Monthly Archives: April 2013

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Turn It Up… Not Just Around

In early 2002, I took over as CEO of a technology business that was in trouble. The company was losing money, running low on cash and performing way out of covenant with the banking group. There was no time to waste. We had a triage situation on our hands and had to stop the bleeding…

Within 3 months, we had the business rationalized and on sufficiently firm financial footing. This is what many of us in the business would term the classic start on a business turnaround. But the charge from the Board of Directors going into this venture was not to just turn this business around. It was about taking it to a very different place, one where the company’s potential was fully realized. They wanted to Turn It Up, not just turn it around.

Turn-Around-Management is a term to describe reversing a downward trend. And turning around or reversing a trend is certainly a critical part of the job when engaging with a business on a downward trajectory. As we know, it often requires a lot of heavy lifting, tough decision-making, and galvanizing a team around the effort.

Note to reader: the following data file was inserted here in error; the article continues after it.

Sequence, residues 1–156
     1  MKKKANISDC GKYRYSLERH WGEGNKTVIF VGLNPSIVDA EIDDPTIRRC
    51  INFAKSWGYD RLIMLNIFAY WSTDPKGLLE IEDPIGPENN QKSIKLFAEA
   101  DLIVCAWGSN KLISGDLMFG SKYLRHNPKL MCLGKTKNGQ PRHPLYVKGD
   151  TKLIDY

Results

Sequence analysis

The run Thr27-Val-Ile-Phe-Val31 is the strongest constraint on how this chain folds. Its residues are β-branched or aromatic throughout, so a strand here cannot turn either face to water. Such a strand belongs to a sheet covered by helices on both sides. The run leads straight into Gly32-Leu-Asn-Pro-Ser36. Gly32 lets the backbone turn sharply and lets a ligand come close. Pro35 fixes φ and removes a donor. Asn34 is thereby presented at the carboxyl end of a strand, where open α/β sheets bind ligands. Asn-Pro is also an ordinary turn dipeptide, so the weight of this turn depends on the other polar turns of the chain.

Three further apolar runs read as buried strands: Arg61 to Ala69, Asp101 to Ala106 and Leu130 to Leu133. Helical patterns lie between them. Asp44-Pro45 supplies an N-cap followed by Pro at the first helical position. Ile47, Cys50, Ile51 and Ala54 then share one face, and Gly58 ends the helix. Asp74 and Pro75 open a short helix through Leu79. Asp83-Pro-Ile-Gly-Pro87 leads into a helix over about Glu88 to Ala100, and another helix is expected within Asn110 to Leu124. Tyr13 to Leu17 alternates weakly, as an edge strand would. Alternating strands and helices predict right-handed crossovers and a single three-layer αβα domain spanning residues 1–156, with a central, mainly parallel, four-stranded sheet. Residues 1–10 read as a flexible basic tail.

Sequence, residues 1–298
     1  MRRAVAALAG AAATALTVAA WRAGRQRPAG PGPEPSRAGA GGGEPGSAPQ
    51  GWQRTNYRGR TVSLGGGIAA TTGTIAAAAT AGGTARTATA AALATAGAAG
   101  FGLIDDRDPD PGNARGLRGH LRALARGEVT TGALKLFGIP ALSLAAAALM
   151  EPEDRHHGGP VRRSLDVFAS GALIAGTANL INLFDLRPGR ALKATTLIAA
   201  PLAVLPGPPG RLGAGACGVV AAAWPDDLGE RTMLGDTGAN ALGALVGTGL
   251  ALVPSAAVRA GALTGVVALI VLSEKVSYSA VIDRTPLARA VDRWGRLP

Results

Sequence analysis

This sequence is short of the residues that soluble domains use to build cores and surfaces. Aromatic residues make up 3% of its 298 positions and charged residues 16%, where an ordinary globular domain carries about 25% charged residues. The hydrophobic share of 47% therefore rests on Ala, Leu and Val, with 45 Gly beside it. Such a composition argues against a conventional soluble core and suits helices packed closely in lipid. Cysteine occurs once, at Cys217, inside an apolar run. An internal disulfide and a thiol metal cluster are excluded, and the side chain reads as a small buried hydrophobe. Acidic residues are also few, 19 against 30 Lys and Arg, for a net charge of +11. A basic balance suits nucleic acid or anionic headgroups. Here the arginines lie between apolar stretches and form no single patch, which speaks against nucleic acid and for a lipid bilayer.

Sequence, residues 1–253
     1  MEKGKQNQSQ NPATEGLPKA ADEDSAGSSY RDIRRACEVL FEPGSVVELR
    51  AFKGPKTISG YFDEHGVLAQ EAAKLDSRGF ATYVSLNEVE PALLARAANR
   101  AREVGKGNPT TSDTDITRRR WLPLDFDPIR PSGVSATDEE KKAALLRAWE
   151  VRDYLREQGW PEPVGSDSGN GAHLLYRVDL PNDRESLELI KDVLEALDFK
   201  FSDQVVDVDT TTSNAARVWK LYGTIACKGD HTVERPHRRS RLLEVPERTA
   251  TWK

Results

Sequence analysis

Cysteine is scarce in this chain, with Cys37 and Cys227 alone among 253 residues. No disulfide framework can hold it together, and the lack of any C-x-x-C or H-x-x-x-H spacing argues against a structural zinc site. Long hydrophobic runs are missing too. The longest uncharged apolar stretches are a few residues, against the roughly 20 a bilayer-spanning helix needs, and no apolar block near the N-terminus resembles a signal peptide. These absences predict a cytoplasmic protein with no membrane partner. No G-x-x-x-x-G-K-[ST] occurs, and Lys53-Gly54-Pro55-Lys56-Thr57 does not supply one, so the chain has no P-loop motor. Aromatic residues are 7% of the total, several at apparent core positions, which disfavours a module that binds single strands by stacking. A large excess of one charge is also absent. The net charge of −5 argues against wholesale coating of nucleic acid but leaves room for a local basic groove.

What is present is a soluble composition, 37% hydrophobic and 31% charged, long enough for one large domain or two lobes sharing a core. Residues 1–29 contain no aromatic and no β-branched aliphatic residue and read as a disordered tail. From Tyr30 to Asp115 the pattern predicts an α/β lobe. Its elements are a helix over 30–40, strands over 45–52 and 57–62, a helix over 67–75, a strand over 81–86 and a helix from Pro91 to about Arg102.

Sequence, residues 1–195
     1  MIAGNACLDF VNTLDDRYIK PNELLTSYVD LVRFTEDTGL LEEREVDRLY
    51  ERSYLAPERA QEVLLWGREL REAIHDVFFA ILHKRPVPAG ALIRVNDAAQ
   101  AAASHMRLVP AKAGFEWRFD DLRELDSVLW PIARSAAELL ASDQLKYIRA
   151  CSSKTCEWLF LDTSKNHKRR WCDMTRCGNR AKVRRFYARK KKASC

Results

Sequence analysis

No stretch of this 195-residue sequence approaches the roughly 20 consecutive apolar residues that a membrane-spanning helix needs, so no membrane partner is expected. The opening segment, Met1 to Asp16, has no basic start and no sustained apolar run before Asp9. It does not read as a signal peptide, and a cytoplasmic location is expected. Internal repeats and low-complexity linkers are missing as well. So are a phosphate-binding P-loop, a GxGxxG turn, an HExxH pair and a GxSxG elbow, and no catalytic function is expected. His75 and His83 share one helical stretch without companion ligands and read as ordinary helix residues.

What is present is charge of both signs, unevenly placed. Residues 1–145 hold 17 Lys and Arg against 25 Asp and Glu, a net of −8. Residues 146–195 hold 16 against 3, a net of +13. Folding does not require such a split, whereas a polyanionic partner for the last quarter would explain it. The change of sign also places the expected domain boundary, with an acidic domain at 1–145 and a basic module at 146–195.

Most business situations are not just about reversing a trend- they are about advancing the company’s business performance; in other words, Turning It Up. Advancing business performance like many things is a process- a process that has worked successfully in many company situations. It involves 3-steps- Analysis, Actions and Results- just as the chart below indicates:

While much of the process for advancing business performance may seem perfectly logical, it is often not followed. But when it is, and when there is solid execution behind it, the results will be there.

So let’s return to our troubled technology company, and how we turned it up. We followed the process of Analysis, Actions and Results, and executed well. Within 2-years, the company had developed a market focus that resulted in new and improved products to grow organically. We developed measurements for success driven by strong financial management. We built up a cash war-chest that allowed the company to grow strategically. In 4 years, through a combination of strategic and tactical moves, the company grew more than 4x to over $270 million in annual sales.

How we thought about the challenge was the key to success- we were Turning It Up, and not just turning it around.

My colleague at Dock Square, Rich Lettieri, suggested a fuller discussion on “what exactly did we do” to affect the results. Good question… for those of you wanting to know the same thing, I’ll answer the question in my next blog post.